Trend Micro experts have discovered that hackers are abusing the system anti-cheat driver of the popular game Genshin Impact to disable anti-virus software during ransomware attacks. Mhypro2.sys gives access to the memory of any process and kernel, and is also able to terminate processes with the highest privileges.
Let me remind you that we also wrote that Tencent and Chinese police conducted a joint operation against game cheat developers.
The mhypro2.sys problem has been known since at least 2020, and information security experts have long been appealing to manufacturers of anti-cheat systems in general, since most of these solutions work at the ring 0 level, which can hardly be considered safe.
In the case of mhypro2.sys, the appeals of experts had no effect, the code signing certificate was not revoked, and therefore the program can still be installed on Windows without raising alarm. Worse, since 2020, two PoC exploits are available on GitHub at once and a detailed description of how you can use anti-cheat from user mode to read/write kernel memory with kernel mode privileges, terminate specific processes, and so on.
A recent Trend Micro report states that hackers have been abusing the driver since July 2022 and using it to disable properly configured security solutions.
Analysts write that in the example they studied, the attackers used secretsdump and wmiexec against the target machine, and then connected to the domain controller via RDP using stolen administrator credentials.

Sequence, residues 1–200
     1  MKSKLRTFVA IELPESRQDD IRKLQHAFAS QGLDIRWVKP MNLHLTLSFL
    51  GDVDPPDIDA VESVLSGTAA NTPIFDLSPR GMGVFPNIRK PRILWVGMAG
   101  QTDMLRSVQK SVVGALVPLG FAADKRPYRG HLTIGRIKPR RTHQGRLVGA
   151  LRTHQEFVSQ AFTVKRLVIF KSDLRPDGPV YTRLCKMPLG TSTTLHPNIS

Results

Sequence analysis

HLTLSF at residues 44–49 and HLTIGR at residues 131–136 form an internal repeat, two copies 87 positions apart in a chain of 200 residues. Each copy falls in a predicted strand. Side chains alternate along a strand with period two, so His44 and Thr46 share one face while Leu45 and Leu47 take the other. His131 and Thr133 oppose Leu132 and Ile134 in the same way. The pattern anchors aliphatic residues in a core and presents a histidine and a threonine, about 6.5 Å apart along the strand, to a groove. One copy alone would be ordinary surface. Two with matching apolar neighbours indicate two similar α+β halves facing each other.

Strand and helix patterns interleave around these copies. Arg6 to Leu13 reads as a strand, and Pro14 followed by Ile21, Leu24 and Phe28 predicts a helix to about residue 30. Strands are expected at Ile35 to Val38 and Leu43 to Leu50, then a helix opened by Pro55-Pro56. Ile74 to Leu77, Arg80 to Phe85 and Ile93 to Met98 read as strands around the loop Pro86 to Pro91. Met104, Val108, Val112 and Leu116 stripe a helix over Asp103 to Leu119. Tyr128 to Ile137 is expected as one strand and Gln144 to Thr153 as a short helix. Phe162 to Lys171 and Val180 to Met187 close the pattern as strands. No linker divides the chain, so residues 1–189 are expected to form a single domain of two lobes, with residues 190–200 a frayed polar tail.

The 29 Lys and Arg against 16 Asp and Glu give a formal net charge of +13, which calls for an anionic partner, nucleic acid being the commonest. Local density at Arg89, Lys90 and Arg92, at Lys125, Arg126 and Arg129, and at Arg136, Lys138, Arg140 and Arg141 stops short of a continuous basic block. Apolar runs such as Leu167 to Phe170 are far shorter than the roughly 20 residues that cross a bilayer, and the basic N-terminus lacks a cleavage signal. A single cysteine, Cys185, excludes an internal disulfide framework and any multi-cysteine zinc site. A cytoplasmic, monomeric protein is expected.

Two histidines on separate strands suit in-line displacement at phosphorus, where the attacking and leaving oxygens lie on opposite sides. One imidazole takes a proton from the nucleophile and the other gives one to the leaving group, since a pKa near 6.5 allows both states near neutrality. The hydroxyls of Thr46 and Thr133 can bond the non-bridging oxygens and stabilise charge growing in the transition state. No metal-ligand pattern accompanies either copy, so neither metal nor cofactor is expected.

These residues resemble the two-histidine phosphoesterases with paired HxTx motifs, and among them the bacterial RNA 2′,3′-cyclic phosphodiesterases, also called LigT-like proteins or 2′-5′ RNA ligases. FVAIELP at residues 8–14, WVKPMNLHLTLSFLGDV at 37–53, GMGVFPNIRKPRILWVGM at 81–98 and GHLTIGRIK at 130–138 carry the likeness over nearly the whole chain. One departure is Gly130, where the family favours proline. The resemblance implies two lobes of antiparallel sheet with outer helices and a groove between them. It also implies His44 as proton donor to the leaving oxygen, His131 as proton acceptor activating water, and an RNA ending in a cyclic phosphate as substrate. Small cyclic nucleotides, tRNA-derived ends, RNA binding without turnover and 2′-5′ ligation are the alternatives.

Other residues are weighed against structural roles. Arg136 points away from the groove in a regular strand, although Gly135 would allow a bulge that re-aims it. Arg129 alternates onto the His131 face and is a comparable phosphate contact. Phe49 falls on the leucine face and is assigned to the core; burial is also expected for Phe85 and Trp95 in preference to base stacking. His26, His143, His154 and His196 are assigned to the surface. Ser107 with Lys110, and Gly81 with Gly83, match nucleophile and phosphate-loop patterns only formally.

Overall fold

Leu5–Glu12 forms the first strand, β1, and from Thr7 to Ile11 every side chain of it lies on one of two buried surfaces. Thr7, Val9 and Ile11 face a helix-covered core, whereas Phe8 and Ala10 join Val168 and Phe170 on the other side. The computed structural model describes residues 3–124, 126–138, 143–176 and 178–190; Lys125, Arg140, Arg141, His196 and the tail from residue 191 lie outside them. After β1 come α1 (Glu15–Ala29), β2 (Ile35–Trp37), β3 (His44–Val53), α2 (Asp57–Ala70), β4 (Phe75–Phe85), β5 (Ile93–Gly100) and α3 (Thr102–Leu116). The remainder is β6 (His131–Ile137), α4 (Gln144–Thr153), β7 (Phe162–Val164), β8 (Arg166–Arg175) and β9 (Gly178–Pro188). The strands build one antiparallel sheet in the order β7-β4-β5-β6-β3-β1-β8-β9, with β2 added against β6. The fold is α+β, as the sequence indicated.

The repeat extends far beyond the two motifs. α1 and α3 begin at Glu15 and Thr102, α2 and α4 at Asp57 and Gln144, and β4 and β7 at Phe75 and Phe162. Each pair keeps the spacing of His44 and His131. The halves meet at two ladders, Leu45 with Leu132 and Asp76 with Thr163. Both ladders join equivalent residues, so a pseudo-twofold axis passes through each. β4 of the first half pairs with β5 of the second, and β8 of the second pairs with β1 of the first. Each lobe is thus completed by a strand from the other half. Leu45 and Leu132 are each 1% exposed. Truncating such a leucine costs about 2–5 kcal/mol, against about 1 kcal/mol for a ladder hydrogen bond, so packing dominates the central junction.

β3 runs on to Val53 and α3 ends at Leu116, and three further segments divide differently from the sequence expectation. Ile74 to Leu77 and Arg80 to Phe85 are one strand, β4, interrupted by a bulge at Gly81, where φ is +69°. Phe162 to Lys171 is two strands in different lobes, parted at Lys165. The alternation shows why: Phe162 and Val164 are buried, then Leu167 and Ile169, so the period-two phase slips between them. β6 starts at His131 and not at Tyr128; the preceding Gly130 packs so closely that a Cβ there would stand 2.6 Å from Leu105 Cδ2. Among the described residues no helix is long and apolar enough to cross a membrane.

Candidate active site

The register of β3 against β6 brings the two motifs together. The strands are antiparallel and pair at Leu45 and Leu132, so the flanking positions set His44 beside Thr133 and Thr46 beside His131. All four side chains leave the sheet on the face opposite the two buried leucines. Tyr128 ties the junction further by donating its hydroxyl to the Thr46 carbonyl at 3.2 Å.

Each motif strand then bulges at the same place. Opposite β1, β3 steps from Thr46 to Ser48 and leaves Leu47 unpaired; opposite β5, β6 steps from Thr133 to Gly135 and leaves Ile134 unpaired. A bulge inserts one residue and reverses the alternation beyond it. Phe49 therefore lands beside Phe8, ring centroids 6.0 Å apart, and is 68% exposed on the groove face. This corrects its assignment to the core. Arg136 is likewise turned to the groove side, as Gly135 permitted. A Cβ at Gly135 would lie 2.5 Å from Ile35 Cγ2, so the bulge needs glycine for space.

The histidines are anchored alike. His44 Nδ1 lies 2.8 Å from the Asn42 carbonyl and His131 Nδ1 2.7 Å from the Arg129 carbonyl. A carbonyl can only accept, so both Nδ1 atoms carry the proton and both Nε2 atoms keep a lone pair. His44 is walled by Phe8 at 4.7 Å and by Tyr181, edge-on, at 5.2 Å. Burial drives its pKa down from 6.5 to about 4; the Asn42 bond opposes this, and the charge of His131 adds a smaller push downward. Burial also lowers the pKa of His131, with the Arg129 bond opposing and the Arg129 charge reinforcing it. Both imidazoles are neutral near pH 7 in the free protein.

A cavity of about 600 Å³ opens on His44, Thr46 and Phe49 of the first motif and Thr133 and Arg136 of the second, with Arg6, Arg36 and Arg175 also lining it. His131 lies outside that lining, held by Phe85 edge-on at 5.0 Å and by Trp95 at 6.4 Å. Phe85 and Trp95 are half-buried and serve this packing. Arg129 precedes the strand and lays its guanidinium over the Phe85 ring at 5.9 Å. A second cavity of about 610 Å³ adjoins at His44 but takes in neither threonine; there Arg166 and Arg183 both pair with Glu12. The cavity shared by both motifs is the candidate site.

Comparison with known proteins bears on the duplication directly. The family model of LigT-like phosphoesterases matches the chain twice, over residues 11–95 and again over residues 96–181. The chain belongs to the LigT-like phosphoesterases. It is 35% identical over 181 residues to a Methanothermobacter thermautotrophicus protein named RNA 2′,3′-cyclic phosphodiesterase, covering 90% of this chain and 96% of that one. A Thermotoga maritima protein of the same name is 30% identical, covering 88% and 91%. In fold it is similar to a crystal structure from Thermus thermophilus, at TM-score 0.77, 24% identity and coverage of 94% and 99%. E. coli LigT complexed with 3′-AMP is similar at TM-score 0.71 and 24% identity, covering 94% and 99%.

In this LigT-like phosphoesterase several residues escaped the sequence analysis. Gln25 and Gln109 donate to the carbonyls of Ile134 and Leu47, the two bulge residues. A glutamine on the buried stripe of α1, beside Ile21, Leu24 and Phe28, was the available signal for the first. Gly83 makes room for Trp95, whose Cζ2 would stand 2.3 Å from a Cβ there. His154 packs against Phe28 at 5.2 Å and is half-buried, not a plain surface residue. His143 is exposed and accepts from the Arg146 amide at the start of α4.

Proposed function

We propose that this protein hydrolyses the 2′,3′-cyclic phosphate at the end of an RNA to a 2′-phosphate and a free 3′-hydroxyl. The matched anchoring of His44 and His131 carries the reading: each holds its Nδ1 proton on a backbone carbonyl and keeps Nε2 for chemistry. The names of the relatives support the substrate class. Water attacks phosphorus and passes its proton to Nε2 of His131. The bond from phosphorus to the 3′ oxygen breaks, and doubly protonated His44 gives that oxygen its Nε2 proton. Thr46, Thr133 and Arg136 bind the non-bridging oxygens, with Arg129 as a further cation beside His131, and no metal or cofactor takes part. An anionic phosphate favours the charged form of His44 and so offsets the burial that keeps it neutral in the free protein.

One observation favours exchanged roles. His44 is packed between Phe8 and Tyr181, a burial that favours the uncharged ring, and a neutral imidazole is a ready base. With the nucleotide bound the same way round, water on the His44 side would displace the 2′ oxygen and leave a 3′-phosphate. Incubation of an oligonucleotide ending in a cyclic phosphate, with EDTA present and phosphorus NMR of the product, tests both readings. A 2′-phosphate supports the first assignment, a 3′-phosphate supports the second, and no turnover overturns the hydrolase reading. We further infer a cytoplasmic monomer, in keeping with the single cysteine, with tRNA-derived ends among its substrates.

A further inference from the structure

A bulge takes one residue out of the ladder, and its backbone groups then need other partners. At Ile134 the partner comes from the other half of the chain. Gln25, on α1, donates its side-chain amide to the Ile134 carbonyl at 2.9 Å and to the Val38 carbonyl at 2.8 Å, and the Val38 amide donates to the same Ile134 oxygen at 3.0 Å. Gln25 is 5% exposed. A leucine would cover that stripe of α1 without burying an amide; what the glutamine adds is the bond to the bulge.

The first action taken by the hackers on the compromised machine was to transfer mhyprot2.sys to the desktop along with the malicious executable kill_svc.exe that was used to install the driver. The attackers then downloaded the avg.msi file, which in turn downloaded and executed the following four files:
- logon.bat – launches HelpPane.exe, “kills” the antivirus and other services, launches svchost.exe;
- HelpPane.exe – disguises itself as the Microsoft Help and Support executable file, similar to kill_svc.exe, as it installs mhyprot2.sys and “kills” anti-virus services;
- mhyprot2.sys – Genshin Impact anti-cheat driver;
- svchost.exe – An unnamed ransomware payload.
In this incident, the hackers tried three times to encrypt the files on the compromised workstation, but were unsuccessful, but the anti-virus services were successfully disabled. In the end, the attackers simply moved logon.bat to the desktop, running it manually, and it worked.
By the end of the attack, the hackers uploaded the driver, ransomware, and the kill_svc.exe executable to a network share for mass deployment, aiming to infect as many workstations as possible.
Trend Micro warns that hackers may continue to use the anti-cheat module, because even if the vendor does fix the vulnerability, old versions of mhypro2.sys will still be in use, and the module can be integrated into any malware. At the same time, experts note that while code-signing modules that act as device drivers that can be abused are still quite rare.
In response to the publication of this report, well-known information security expert Kevin Beaumont noted on Twitter that administrators can protect against this threat by blocking the hash “0466e90bf0e83b776ca8716e01d35a8a2e5f96d3”, which corresponds to the vulnerable mhypro2.sys driver.